David Chernushenko: Councillor’s Column, February 2015

My Vision for a 100% Renewable Ottawa

Solutions to Ottawa’s environmental challenges should not pit what is ecologically necessary against what is good for people and good for a healthy economy. Instead, we must respect all people, species and natural systems, and champion their renewal rather than their exploitation and degradation.

This is the philosophy I bring to my new role as chair of the City’s Environment Committee, and to such existing priorities as:

  • Approval and implementation of a long-term waste management plan (better diversion of waste towards safe and productive handling and re-use)
  • The Ottawa River Action Plan and the Water Environment Strategy
  • Steady movement toward “green building” — constructing and operating buildings more sustainably as a city, and making it easier and more cost-effective for individuals and developers
  • Protection and management of Ottawa’s urban forests and street trees, and replacement of trees damaged by the Emerald Ash Borer.

While these are important, I want to go one better by proposing a big idea that promises to involve and benefit everyone: Uniting Ottawa in pursuit of a 100 percent renewable energy economy by 2050.

One hundred percent renewable describes a geographical region producing all its energy needs or typically producing all its net energy needs and selling a surplus of renewable electricity, biomass or biofuels to offset whatever energy must be imported.

We hear a lot about the need to reduce energy consumption and emissions and to develop renewable sources. We don’t often hear about the broader benefits this would bring to Ottawa’s citizens and businesses:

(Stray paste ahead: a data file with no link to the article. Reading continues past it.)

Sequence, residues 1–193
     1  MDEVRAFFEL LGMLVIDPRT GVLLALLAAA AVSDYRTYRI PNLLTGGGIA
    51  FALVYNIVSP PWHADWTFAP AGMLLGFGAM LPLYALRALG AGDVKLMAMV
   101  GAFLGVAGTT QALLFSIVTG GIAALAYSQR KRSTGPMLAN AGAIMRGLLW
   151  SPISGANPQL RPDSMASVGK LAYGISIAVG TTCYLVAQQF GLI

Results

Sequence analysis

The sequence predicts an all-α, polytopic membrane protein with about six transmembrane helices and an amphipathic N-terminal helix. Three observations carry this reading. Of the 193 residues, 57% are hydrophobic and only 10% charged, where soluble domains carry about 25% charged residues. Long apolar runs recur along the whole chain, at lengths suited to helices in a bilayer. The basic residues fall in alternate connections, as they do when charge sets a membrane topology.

• Economic renewal and employment opportunities in research, manufacturing, design, installation, home and institutional building retrofits, architecture, heating and cooling engineering, biofuels, rail and cycling infrastructure construction.
  • Resilience to a changing climate and extreme weather events by better managing storm water, urban forests, river and stream catchment areas and shorelines.
  • Energy supply resilience to cushion against unpredictable energy prices and supply interruptions, by significantly reducing demand and diversifying supply.
  • Community revival around local projects, including food production, removal of unnecessary hard-landscaped spaces, street-calming initiatives and co-operatively owned renewable energy projects.
  • Poverty reduction by decreasing home energy demands and improving mobility choices involving lower fuel costs.

How do we get there? A comprehensive 100 percent renewable strategy would include:

  • Conservation and efficiency: Increase by 50 percent in all sectors.
  • Transportation: Shift modal preference from primarily private automobile use to primarily public transit and active transportation.
  • Waste management: Maximize energy derived from waste and minimize greenhouse gas emissions and air, water and soil pollution.
  • Public building renewal: Retrofit existing City of Ottawa buildings and apply high standards to new ones.
  • Private building renewal: Adopt mandatory energy standards and labelling for new construction. Remove obstacles to cutting-edge energy solutions in private construction.
  • Renewable energy generation (solar photovoltaic, solar thermal, wind, biomass, biogas, microhydro and more): Remove non-essential hurdles to citizens and institutions/businesses purchasing electricity and fuel from renewable sources, or developing locally owned projects.

Main Street
The renewal of Main as a ‘complete street’ that balances the needs of all users is one concrete step towards 100 percent renewable. Visit capitalward.ca/mainstreet to find out more about this major project, including updates and links to help residents get through the next 22 months.

Councillor David Chernushenko
613-580-2487 | David.Chernushenko@Ottawa.ca | www.capitalward.ca


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